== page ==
Tag Archive: Invasive Species

Field Notes

Deadly Jewels of Virginia Forests

June 9, 2022 - By Amanda Conrad, VDOF Forest Health Technician The vibrant, metallic green of an emerald ash borer (EAB) makes it look like royalty of the forest. But this beautiful, invasive insect is also deadly. Just one beetle can lay 40-70 eggs on the bark of its preferred host: ash trees. The growing larvae disrupt the flow of water throughout the tree, which will ultimately kill the tree. A healthy ash tree... Read More

Field Notes

Sounding the Fire (Ant) Alarm!

May 26, 2022 - By Katlin Dewitt, VDOF Forest Health Specialist Can a fire alarm alert you to an invasive insect? Technically, no, but it seems an appropriate way to raise awareness about the red imported fire ant! The red imported fire ant (RIFA) is native to central South America and was first detected in either Alabama or Florida between 1933 and 1945. In Virginia, this species was first detected in 1989, and so... Read More

Field Notes

Spotted Lanternfly Egg Mass Scouting – DIY!

February 23, 2022 - By Lori Chamberlin, VDOF Forest Health Manager If you are in search of a fun winter activity, look no further! The spotted lanternfly (or SLF, for short), an invasive insect that was discovered in Virginia in 2018, continues to spread, and we need your help finding egg masses. Spotted lanternfly egg masses are laid in the fall, survive through the winter, and then hatch in the spring. Each egg mass... Read More

Field Notes

The Vine That Ate Charlottesville

September 29, 2021 - By Ellen Powell, VDOF Conservation Education Coordinator I know what you’re thinking. But no, the vine that ate Charlottesville isn’t kudzu. It’s porcelain-berry (Ampelopsis brevipedunculata). You might know this species as an ornamental vine, often seen spilling over pergolas in fancy gardens. It’s great for covering a bare patch of ground or an unsightly old shed. The fruits are quite beautiful, with pale green, lavender, magenta, and blue berries often... Read More

Field Notes

Field Notes: The Early Shrub Gets the Sun

March 31, 2021 - By Ellen Powell, VDOF Conservation Education Coordinator With recent warm weather, Virginia’s woods are greening fast. After a dormant winter, plants gear up for photosynthesis again, using carbon dioxide, water, and sunlight to make food. You might be familiar with some early spring wildflowers that emerge on the forest floor, taking full advantage of the leafless canopy to gather some sun of their own before being shaded out by trees.... Read More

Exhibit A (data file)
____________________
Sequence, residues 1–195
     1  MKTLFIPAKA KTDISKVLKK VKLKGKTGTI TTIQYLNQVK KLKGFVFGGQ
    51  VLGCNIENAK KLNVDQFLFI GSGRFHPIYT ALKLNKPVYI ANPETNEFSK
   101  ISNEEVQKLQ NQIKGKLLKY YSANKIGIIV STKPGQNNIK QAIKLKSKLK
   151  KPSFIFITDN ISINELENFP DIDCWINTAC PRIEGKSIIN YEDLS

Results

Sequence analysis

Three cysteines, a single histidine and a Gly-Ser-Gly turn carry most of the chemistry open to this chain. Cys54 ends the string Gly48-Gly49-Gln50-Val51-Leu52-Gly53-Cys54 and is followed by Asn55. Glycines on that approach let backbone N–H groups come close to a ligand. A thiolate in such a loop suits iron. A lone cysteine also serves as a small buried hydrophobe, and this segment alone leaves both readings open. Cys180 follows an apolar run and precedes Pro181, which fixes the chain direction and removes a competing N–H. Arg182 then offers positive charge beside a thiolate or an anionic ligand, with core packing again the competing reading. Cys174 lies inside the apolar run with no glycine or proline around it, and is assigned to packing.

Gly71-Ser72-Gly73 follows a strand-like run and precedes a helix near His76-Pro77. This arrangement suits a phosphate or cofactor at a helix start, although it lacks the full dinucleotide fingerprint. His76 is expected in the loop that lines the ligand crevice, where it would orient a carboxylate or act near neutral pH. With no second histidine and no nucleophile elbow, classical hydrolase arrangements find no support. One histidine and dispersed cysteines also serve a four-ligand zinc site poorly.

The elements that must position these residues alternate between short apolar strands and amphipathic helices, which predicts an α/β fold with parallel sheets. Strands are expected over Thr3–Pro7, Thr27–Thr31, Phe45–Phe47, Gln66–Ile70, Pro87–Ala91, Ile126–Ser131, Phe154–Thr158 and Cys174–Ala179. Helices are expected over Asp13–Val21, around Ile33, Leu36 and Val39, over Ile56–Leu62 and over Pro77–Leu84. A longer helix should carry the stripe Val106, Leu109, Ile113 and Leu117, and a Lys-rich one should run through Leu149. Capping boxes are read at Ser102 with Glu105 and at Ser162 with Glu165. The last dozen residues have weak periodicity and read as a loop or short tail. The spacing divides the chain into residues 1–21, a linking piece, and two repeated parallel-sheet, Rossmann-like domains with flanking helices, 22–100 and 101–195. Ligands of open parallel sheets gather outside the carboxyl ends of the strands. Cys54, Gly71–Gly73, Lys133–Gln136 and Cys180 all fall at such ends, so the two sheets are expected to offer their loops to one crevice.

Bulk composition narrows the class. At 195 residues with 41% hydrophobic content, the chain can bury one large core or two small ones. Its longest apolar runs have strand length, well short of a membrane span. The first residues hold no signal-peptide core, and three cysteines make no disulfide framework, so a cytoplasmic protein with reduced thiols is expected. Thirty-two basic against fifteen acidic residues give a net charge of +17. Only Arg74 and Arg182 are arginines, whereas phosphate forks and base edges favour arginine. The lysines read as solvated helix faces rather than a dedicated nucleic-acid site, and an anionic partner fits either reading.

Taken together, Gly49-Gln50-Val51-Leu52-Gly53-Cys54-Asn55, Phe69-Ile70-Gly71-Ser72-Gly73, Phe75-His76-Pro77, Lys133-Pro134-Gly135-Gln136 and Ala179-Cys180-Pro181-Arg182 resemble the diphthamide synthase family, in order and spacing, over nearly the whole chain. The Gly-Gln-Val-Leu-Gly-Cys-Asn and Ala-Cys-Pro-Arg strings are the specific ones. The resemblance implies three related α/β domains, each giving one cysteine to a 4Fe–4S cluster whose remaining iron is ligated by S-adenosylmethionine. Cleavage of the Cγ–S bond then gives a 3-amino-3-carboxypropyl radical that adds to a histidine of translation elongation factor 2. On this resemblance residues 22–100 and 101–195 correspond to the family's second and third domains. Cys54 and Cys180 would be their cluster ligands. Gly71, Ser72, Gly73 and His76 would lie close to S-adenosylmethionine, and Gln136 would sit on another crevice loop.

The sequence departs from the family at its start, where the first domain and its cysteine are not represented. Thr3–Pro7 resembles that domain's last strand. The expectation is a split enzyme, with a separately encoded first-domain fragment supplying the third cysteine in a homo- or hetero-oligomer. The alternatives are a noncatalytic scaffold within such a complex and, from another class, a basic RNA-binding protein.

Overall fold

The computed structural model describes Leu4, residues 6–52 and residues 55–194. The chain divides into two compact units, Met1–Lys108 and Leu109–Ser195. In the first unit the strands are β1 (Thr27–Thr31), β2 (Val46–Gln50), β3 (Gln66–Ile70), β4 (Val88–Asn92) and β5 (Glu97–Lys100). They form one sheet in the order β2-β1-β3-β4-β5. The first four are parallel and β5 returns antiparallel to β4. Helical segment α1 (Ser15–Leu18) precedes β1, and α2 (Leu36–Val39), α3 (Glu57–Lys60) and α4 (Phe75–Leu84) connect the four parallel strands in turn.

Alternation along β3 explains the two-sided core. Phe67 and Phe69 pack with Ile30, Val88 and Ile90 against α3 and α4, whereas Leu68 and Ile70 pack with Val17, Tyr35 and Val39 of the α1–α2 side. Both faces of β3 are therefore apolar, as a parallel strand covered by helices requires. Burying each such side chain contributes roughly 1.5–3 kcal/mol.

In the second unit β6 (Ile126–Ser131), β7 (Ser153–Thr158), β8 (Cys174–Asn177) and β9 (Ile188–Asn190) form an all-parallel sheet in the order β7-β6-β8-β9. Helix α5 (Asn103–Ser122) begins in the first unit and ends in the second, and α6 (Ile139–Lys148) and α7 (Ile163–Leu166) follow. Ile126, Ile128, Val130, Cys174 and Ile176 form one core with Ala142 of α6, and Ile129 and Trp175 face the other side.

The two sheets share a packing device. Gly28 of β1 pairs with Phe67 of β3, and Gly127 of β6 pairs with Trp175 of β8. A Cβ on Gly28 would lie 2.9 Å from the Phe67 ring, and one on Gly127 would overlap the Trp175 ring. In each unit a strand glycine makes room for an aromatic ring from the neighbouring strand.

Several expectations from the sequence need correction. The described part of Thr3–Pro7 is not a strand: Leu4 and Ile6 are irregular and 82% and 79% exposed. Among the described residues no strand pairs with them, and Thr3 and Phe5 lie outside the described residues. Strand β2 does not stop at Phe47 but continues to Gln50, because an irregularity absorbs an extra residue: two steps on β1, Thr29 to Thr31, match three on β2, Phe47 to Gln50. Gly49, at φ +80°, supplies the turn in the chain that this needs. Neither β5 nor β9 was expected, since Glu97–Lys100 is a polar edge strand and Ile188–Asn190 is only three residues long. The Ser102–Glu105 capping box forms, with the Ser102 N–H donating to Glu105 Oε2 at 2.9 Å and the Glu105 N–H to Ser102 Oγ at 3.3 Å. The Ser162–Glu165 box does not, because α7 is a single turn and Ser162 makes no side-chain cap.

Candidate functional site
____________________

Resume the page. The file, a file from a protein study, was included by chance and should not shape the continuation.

Field Notes

Field Notes: (Hopefully Not) Spotting the Spotted Lanternfly

February 19, 2021 -   By Katlin Dewitt, Forest Health Specialist The spotted lanternfly is an invasive, sapsucking insect that was first detected in Winchester, Virginia in January 2018. As a pest of many different plants, it poses a threat to many of our native tree species, such as black walnut, maples, cherries, and many more. Additionally, this pest feeds on numerous commercially important plants like grapes, hops, apricots, plums, and apples. As a... Read More

Field Notes

Field Notes: January’s Least Wanted – English Ivy

January 19, 2021 - By Ellen Powell, VDOF Conservation Education Coordinator A brand new year brings a brand new feature to Field Notes! Each month, one of our posts will introduce one of Virginia’s “least wanted” – an invasive species that’s easy to spot at that time of year. It might be a plant, an insect, or a disease that’s impacting our state’s natural communities. We hope you’ll keep an eye out for the... Read More

Stories

On the Wings of a Tiny Wasp

July 24, 2020 - The fate of Virginia’s stately ash trees might rest on the wings of a tiny wasp. For more than a decade, ash trees (Fraxinus genus) have been under threat from an invasive insect pest, the emerald ash borer (Agrilus planipennis) – EAB, for short. The larvae of this beetle feed on the phloem of ash trees, disrupting nutrient transfer. Native ash trees didn’t evolve with EAB, and its natural enemies aren’t here to... Read More

Stories

Saving Pumpkin Ash

June 9, 2020 - In late May, Lara Johnson and Meghan Mulroy-Goldman (VDOF urban & community forestry team), along with the Virginia Beach Urban Forestry Department, embarked on a scouting mission for the rare pumpkin ash in the bottomlands surrounding Stumpy Lake in Virginia Beach (based on information shared from the Virginia Department of Conservation and Recreation.) After traveling through the swampy coastal forest, Lara, Meghan and the Virginia Beach Urban Forestry Staff located... Read More

Field Notes

Field Notes: When Volunteers Go Bad

May 21, 2020 - by Sarah Parmelee, Area Forester Last fall, a little seedling popped up in my yard. It was too young to be readily identifiable, so I left it on the off chance that it was something cool. This spring when it leafed out, I realized that it was a butterfly bush. Now, I do not have any other butterfly bushes in my yard, but other folks in my neighborhood do, and... Read More